• load: Load the specified configuration files or directories of configuration files. Jobs that are not on-demand will be started as soon as possible. Note that per-user configuration files (LaunchAgents</code>) must be owned by the user loading them. All system-wide daemons (LaunchDaemons) must be owned by root.

  • unload: Unload the specified configuration files or directories of configuration files. This will also stop the job if it is running.

  • submit: A simple way of submitting a program to run without a configuration file. This mechanism also tells launchd to keep the program alive in the event of failure.

  • list: With no arguments, list all of the jobs loaded into launchd in three columns.

Example

For my purposes, I want to run a python script every 10 minute to login v2ex.

$ cd ~/Library/LaunchAgents
$ mvim com.xuelang.crontab_v2ex.plist
<?xml version="1.0" encoding="UTF-8"?>
<!DOCTYPE plist PUBLIC "-//Apple//DTD PLIST 1.0//EN" "http://www.apple.com/DTDs/PropertyList-1.0.dtd">
<plist version="1.0">
<dict>
        <key>Label</key>
        <string>com.xuelang.crontab_v2ex</string>

        <key>ProgramArguments</key>
        <array>
                <string>/Users/xuelang/python/learn_modules/beautifulsoup/v2ex_auto.py</string>
        </array>

        <key>StartInterval</key>
        <integer>60</integer>

        <key>RunAtLoad</key>
        <true/>

        <key>StandardErrorPath</key>
        <string>/Users/xuelang/schedule_err.log</string>

        <key>StandardOutPath</key>
        <string>/Users/xuelang/schedule.log</string>
</dict>
</plist>

This Mac plist file can be read as “Run the script /Users/xuelang/python/learn_modules/beautifulsoup/v2ex_auto.py every 5 minutes, and redirect the standard output and standard error as shown”. Remember that the path must be absolute and can not inculde ~.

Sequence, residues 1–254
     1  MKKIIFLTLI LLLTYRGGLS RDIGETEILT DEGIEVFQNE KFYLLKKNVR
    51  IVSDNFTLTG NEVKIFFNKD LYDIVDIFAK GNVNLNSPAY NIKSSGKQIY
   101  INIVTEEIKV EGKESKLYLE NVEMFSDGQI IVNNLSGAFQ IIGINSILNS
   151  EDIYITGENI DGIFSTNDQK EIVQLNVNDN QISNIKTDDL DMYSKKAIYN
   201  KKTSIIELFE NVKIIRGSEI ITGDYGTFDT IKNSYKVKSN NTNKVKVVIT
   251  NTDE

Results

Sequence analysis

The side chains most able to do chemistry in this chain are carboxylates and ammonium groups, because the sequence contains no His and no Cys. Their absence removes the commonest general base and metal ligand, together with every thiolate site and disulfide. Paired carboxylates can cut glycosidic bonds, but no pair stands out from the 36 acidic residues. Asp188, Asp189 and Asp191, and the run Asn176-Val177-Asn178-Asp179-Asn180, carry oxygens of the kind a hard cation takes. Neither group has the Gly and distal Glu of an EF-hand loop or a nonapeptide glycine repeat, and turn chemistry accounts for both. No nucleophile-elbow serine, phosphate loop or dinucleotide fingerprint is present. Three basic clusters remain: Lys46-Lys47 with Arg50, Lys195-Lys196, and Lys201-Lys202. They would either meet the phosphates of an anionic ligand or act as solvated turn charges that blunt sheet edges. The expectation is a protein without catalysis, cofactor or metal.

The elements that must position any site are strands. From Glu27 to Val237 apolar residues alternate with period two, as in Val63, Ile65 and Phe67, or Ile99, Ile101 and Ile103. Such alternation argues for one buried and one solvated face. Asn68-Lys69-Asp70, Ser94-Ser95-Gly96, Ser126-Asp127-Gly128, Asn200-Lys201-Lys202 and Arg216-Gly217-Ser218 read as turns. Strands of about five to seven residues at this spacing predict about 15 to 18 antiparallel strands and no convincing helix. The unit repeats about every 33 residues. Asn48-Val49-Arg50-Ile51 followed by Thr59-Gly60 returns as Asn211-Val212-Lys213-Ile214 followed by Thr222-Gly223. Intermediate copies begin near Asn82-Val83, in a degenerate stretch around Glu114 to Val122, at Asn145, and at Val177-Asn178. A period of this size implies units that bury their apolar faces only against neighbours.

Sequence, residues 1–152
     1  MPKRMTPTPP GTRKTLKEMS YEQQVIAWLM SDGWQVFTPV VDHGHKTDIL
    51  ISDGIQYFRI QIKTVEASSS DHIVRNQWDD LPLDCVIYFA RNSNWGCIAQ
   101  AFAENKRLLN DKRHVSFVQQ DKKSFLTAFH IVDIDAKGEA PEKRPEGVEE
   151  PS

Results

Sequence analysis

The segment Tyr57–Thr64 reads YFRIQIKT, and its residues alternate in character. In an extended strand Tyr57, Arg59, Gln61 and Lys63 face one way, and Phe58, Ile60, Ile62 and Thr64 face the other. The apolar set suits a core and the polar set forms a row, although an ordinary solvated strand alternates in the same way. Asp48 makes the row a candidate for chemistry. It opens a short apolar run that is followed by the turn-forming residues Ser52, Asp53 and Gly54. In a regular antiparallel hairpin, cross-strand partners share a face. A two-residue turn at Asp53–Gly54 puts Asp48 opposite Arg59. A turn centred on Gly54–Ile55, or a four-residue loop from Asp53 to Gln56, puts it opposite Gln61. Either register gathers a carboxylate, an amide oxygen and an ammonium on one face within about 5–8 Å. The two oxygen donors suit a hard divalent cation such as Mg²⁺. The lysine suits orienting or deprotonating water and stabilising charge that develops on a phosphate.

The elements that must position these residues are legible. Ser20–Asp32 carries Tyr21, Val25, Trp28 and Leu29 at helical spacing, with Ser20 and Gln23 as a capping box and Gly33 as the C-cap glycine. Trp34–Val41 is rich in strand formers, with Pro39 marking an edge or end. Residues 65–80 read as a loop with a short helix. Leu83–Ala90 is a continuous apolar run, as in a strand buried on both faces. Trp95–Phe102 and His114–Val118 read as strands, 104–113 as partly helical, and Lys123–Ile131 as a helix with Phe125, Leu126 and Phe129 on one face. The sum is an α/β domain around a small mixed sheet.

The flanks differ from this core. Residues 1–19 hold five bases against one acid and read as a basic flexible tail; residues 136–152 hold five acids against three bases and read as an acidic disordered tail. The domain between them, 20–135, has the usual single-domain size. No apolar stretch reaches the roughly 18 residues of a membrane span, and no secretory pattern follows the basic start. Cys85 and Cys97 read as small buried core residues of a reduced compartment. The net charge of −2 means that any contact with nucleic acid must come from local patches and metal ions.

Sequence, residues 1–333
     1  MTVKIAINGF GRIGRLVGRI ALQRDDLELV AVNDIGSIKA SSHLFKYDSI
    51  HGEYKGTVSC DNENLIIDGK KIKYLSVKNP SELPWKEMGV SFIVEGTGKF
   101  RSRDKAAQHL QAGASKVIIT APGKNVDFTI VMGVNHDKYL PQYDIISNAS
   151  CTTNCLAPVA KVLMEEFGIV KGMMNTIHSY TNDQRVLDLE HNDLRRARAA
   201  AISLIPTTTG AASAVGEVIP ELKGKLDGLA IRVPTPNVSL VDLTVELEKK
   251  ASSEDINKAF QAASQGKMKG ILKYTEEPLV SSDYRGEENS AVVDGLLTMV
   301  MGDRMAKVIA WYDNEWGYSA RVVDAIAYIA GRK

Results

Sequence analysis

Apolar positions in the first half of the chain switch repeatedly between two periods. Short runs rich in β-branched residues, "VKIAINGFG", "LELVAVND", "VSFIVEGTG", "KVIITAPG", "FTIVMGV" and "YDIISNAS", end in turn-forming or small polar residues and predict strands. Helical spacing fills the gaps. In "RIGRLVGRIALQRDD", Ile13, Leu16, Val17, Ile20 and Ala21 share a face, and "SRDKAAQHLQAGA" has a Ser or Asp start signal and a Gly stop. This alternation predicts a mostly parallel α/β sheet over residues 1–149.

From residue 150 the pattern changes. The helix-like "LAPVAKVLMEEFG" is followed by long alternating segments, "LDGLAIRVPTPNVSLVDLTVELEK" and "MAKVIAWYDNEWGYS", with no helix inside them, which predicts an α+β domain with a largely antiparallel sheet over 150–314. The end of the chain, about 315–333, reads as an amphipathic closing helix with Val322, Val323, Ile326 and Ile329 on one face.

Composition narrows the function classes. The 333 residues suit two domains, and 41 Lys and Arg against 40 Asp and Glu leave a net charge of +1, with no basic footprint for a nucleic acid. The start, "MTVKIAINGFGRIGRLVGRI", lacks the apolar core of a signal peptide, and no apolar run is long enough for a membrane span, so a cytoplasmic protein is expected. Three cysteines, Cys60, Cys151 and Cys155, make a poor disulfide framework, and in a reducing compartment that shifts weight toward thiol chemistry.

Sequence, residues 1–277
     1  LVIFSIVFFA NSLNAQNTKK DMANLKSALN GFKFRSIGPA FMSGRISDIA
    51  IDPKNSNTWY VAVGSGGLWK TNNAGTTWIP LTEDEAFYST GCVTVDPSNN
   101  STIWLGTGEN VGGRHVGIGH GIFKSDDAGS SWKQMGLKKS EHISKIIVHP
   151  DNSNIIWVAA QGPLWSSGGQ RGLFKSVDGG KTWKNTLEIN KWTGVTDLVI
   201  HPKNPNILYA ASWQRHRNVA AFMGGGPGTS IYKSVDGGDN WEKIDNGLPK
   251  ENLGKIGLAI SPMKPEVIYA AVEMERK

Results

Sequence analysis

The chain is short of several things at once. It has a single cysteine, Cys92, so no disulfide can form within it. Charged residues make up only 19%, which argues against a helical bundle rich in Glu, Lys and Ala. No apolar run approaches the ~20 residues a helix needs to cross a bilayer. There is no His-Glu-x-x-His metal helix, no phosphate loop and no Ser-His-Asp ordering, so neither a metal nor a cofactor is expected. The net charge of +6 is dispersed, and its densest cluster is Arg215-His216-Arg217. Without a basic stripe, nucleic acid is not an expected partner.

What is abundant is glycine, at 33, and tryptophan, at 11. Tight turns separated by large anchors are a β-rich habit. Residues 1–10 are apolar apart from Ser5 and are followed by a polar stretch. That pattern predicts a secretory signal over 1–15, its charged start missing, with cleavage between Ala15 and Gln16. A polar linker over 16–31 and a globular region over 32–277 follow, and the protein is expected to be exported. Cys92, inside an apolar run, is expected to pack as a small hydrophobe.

Next, it’s important to know that your Mac OS X system won’t pick up on this change immediately. You have to tell the Mac launchd daemon to load it, using the Mac launchctl command, like this:

$ cd ~/Library/LaunchAgents
$ launchctl load com.xuelang.crontab_v2ex.plist
$ mvim com.xuelang.crontab_v2ex.plist
$ launchctl list | grep xuelang
-    0    com.xuelang.crontab_v2ex
1377    -    com.google.Chrome.framework.service_process/Users/xuelang/Library/Application_Support/Google/Chrome

After issuing the “launchctl load” command I started getting output from the script

$ cat ~/schedule.log
Your money:  22  45
You haved got the award.
Your money:  22  45
You haved got the award.
...

$ cat ~/schedule_err.log
Traceback (most recent call last):
  File "/Users/xuelang/python/learn_modules/beautifulsoup/v2ex_auto.py", line 86, in <module>
    get_award(usrname, passwd)
  File "/Users/xuelang/python/learn_modules/beautifulsoup/v2ex_auto.py", line 44, in get_award
    headers=post_headers,

unload the task.

$ cd ~/Library/LaunchAgents
$ launchctl unload com.xuelang.crontab_v2ex.plist
$ launchctl list | grep xuelang
1377    -    com.google.Chrome.framework.service_process/Users/xuelang/Library/Application_Support/Google/Chrome

CalendarInterval Example

This StartCalendarInterval example should mean “run at 3:55 am” every day:

<key>StartCalendarInterval</key>
<dict>
        <key>Hour</key>
        <integer>3</integer>
        <key>Minute</key>
        <integer>35</integer>
</dict>

Another one:

<key>StartCalendarInterval</key>
<array>
        <dict>
                <key>>Day</key>
                <integer>22</integer>
                <key>Hour</key>
                <integer>12</integer>
                <key>Minute</key>
                <integer>0</integer>
        </dict>
        <dict>
                <key>Day</key>
                <integer>8</integer>
                <key>Hour</key>
                <integer>12</integer>
                <key>Minute</key>
                <integer>0</integer>
        </dict>
</array>

References:
Mac crontab - Mac OS X startup jobs with crontab, er, launchd
Mac OS X launchd examples
launchd plist StartInterval and StartCalendarInterval